OAKLAND -- There might be some hope for this Yankees team after all.
First, they go to Seattle and sweep three games from the improving -- and maybe even good -- Mariners. Then they go to Oakland and blow out the best-in-the-AL Athletics in the first game of a three-game weekend series. And the O.co Coliseum is usually a house of horrors for them; the Yanks had lost their previous seven games there.
They did it with pitching (David Phelps) and timely hitting (you read that right) and without the benefit of a single home run. In fact, they did it with 12 singles, often strung together, and took advantage of some raggedy playing by the A's.
Now, suddenly, they have won four in a row and are once again four games above .500, after having dipped to the mediocrity line on Sunday. Maybe there will be something to watch this summer after all, now that the Rangers are finished.
Unhittable: Phelps took a no-hitter into the fifth inning, when Derek Norris muscled one off the handle into left field for the Athletics' first hit of the game. Phelps had previously walked two hitters, including Jed Lowrie just before Norris' hit, but got the next two batters to keep Oakland off the board. Phelps wound up going 6 2/3 and allowing just two hits. The second was a long double by Lowrie, which then ended his night with two out in the seventh. It was Phelps' second-longest -- and best -- outing of the season.
Son down: The Yankees jumped all over A's starter Sonny Gray in the first two innings and opened the game with three singles (Brett Gardner, Derek Jeter and Jacoby Ellsbury), an RBI and a run off him, and they got a second run on Mark Teixeira's sacrifice fly. They added another on three singles and a walk in the second and could have had more if Kelly Johnson had been able to score on Jeter's second hit of the game. Instead, he stopped at third and was forced out at home on Ellsbury's grounder to first. But once again, the Yankees, who had been hard-pressed to score more than two runs a game the previous week, were able to run up an early 3-0 lead.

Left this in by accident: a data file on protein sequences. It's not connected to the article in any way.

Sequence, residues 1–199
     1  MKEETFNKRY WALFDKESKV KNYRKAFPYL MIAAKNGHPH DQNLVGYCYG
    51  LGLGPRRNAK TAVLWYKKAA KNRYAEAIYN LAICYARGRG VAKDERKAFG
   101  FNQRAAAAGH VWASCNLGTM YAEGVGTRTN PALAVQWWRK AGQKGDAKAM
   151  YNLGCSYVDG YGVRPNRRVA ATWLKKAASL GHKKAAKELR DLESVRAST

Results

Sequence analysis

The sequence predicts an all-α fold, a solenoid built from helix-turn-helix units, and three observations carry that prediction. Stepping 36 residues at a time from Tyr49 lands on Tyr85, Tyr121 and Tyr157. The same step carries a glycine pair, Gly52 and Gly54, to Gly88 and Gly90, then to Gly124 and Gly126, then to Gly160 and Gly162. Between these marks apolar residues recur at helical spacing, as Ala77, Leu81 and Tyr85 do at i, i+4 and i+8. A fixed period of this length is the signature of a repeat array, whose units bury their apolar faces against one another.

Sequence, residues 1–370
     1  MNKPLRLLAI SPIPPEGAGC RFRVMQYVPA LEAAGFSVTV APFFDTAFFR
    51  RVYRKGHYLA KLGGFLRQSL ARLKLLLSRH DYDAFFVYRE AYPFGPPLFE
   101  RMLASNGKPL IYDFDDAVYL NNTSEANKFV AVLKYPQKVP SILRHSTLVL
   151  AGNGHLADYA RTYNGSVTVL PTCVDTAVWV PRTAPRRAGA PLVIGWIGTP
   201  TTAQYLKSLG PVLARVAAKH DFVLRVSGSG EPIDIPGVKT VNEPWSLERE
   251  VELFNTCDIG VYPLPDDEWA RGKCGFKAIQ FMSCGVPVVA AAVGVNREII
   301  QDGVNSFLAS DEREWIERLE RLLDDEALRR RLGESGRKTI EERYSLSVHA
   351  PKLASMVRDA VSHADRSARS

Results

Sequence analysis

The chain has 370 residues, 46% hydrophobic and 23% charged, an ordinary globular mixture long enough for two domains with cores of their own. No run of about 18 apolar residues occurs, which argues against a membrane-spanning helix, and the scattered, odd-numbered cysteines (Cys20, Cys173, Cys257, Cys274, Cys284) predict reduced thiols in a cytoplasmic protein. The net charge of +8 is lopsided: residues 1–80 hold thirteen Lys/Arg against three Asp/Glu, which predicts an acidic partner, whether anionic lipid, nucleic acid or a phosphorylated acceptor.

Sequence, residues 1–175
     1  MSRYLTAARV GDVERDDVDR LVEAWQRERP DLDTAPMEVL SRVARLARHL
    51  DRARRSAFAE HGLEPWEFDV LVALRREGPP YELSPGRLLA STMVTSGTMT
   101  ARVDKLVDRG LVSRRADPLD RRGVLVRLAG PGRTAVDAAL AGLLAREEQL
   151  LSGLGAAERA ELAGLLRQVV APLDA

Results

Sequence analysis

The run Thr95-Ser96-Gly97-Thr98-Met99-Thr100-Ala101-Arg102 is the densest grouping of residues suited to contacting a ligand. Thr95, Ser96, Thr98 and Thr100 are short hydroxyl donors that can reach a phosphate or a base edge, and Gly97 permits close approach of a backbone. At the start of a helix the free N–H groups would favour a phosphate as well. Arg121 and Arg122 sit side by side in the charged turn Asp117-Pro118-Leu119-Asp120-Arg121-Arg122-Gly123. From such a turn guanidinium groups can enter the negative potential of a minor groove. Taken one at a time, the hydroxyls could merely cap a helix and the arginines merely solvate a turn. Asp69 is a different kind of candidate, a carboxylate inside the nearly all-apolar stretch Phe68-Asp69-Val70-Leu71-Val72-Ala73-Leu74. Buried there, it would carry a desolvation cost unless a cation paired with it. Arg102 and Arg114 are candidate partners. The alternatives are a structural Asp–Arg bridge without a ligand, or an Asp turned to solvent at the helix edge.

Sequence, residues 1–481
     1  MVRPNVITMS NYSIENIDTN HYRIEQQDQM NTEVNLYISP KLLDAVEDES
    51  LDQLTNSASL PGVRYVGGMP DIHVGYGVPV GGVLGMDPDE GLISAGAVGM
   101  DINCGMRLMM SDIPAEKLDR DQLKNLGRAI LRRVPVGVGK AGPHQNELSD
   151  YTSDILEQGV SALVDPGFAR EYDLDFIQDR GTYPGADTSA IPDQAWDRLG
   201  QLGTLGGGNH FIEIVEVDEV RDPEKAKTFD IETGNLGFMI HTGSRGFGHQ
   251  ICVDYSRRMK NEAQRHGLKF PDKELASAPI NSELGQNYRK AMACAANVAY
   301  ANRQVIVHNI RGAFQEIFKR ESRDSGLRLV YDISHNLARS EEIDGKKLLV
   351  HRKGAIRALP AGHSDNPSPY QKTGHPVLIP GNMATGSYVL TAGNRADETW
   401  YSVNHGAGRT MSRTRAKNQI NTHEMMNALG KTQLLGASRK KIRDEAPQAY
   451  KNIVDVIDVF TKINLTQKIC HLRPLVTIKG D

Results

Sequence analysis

Son rise: After Jeter's second-inning single, Gray settled down to retire the next 13 Yankees, until Ichiro Suzuki reached on an infield hit with two out in the sixth.
Tack ons: The Yankees added an eighth-inning run on hard singles by Teixeira and Brian McCann and an infield hit by Ichiro that went off the pitcher. Two more scored when Brian Roberts singled home McCann, with Suzuki following after A's catcher Norris mishandled the throw home and the ball scooted far enough away for Suzuki to score from third. Finally, Roberts came home on Johnson's single to center to make it 7-0.
Hitting machine: Jeter singled in his first two at-bats for his fourth straight multi-hit game. Jeter was hitting .258 when this road-trip began a week ago; he is now at .275.
Say what, now?: The Yankees were 6-for-13 with RISP tonight. That is not a typo.
Get used to it: Brendan Ryan got booed, loudly, when he was sent up as a pinch hitter in the ninth inning. Why? He was hitting for Jeter, whom most of the crowd, apparently, came to see. To add injury to insult, Ryan wound up taking a Jim Johnson pitch off his left elbow and, despite being in obvious pain, remained in the game.
Cuckoo for Coco: Here's a first: Dellin Betances apparently hit Coco Crisp on the foot with a pitch -- and got a strikeout out of it when 3B umpire Dan Iassogna ruled that Crisp's flailing bat (he was trying frantically to get out of the way) was actually a swing and miss. The ruling was so bizarre Crisp could only sit at home plate and laugh.